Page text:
German business leaders have cast doubt on ministers’ claims that the country’s manufacturers will help secure a Brexit trade deal, instead warning Theresa May it will be “extraordinarily difficult” to protect UK industry.
Ministers have frequently claimed that German carmakers, along with other key European industries such as French farmers and winemakers, would lobby their governments to agree a comprehensive deal which maintains tariff-free trade between the UK and the other 27 EU member states.
But the leaders of two of Germany’s main business organisation said the priority for them was maintaining the integrity of the single market for the 27 remaining members of the European Union.
Dieter Kempf, president of the BDI, the federation of German industries, told the Observer: “Defending the single market, a key European project, must be the priority for the European Union. Europe must maintain the integrity of the single market and its four freedoms: goods, capital, services, and labour.
“It is the responsibility of the British Government to limit the damage on both sides of the Channel. Over the coming months, it will be extraordinarily difficult to avert negative effects on British businesses in particular.”
Ingo Kramer, president of the confederation of German employers’ associations (BDA), told the newspaper: “The single market is one of the major assets of the EU. Access to the single market requires the acceptance of all four single market freedoms.
“The UK will remain a very important partner for us, but we need a fair deal for both sides respecting this principle. The cohesion of the remaining 27 EU member states has highest priority.”
Their intervention comes after the Prime Minister received a boost at the G20 summit, with US President Donald Trump highlighting the prospect of a trade deal with the UK.
Mrs May said it was a “powerful vote of confidence” in Britain that Mr Trump and other world leaders have shown with their “strong desire” to strike new trade deals after Brexit.
The Prime Minister said she is “optimistic and positive” about a future pact with the US after the president said he believed an agreement could be reached “very, very quickly”.
Following talks on the margins of the summit in Hamburg, Mr Trump hailed the “very special relationship” he had developed with the PM.
He said he expected an agreement on new trading arrangements with Britain to be “very powerful”.
Mrs May insisted she was confident the UK would also secure a good deal with the EU “because it’s not just about what’s in the interests of the United Kingdom, it’s about what’s in the interests of the remaining 27 members states in the European Union and I think it is in the interests of both sides to have that good trade agreement”.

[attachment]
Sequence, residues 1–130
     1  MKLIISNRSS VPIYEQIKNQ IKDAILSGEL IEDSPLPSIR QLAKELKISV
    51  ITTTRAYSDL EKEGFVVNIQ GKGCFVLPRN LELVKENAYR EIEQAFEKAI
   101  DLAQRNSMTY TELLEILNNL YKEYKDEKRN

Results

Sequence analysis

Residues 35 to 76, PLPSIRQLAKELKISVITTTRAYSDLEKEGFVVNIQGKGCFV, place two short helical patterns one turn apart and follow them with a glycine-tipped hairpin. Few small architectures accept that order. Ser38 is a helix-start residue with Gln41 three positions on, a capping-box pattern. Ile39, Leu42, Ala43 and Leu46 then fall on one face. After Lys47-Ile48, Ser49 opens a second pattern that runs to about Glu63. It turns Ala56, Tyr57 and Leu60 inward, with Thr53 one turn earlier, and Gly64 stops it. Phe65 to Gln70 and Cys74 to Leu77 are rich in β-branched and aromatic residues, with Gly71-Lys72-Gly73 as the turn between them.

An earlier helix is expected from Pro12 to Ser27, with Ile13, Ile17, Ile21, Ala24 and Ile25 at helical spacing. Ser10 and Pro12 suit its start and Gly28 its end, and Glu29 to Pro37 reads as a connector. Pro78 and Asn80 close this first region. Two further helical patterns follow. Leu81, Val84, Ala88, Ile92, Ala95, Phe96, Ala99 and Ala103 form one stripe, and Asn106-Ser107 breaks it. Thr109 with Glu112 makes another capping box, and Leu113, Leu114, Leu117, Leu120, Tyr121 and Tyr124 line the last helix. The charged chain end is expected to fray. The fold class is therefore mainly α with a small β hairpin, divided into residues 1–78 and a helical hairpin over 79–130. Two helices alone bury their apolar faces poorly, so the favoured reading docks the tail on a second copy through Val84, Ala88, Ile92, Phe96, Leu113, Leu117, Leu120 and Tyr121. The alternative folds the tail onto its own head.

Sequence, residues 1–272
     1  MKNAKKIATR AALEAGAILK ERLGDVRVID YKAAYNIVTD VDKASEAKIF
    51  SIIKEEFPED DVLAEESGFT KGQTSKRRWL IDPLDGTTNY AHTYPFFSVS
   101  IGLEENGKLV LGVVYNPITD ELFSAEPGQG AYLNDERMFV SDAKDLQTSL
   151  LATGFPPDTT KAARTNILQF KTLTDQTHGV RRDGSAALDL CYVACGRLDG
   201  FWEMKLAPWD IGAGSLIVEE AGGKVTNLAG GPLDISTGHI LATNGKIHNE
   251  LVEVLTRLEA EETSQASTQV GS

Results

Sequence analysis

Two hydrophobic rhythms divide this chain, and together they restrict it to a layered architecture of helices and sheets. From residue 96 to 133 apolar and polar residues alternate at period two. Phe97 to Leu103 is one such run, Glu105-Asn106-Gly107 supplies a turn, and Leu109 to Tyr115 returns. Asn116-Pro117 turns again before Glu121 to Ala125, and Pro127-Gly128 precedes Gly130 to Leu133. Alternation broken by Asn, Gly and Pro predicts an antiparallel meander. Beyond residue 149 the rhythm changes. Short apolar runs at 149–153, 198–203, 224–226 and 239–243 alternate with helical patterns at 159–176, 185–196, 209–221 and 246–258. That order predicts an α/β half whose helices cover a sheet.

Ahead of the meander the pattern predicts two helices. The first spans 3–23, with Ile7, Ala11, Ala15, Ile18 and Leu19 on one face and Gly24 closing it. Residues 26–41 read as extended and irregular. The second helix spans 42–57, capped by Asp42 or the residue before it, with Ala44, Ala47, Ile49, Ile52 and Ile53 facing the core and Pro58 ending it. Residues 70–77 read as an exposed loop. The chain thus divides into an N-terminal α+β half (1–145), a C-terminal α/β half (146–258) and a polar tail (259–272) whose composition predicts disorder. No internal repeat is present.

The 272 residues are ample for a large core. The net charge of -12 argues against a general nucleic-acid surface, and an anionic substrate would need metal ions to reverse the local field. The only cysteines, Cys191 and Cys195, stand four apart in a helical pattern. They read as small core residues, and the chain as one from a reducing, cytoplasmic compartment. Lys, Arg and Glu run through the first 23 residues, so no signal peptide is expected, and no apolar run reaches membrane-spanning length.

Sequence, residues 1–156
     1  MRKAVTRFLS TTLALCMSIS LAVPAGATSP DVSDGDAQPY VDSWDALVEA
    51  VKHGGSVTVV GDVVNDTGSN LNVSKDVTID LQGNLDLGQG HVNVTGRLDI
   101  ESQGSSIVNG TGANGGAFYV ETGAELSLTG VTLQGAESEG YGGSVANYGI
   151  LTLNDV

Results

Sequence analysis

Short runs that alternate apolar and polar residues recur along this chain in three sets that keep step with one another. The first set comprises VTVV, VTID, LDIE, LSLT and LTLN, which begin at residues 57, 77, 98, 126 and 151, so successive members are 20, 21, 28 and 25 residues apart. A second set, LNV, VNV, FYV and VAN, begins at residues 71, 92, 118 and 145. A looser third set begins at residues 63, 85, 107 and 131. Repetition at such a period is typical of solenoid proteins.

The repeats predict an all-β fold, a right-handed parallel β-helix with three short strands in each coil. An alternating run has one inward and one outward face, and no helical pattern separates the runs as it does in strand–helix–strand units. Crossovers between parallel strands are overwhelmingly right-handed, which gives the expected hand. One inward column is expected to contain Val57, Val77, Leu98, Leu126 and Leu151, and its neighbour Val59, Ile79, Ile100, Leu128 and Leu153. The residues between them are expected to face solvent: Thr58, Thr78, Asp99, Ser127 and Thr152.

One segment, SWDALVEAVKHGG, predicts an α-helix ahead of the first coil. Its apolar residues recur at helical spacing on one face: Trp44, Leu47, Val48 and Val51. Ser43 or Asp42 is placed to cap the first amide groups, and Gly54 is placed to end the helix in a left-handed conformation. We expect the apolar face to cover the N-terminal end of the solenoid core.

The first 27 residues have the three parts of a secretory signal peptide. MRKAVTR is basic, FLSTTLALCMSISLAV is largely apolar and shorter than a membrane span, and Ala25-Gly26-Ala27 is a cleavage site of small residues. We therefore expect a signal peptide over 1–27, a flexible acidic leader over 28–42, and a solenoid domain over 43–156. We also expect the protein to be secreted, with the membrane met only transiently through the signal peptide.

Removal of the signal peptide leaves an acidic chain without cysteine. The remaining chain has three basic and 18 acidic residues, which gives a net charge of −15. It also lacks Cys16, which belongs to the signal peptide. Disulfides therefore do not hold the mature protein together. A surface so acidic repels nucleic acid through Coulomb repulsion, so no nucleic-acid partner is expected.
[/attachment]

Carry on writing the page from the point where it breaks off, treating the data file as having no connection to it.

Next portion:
She added: “But I’m also optimistic about the opportunities that we will see in the rest of the world.
“Some of the countries I have been talking to here who have shown great interest in working with us on trade arrangements in the future, the United States, Japan, China, India, these are all huge world economies.
“This is an important development for the United Kingdom and I look forward to developing those trade deals as well.”
In a sign of the difficulties Mrs May will face in Parliament getting her Brexit legislation through, three Tory former ministers hit out at her approach.
Former attorney general Dominic Grieve and ex-education secretary Nicky Morgan attacked the red line Mrs May has put on allowing any role for the European Court of Justice (ECJ) after Brexit.
Mr Grieve told the Sunday Telegraph the Government should have an open mind on the issue: “We have to be realistic. Some of the attitudes to the ECJ seem to be a bit knee jerk. It has a pariah status.
“I’ve never been particularly impressed with it, but the fact is it is there and it’s going to be doing a lot of work that is relevant to us.”
Ms Morgan said: “There may be some merit in just thinking about the detail of our future relationship with the ECJ before we draw a line through the relationship entirely.”
Tory former culture minister Ed Vaizey and senior Labour MP Rachel Reeves used a joint article in the Sunday Telegraph to criticise the decision to pull out of Euratom, the European civil nuclear regulator.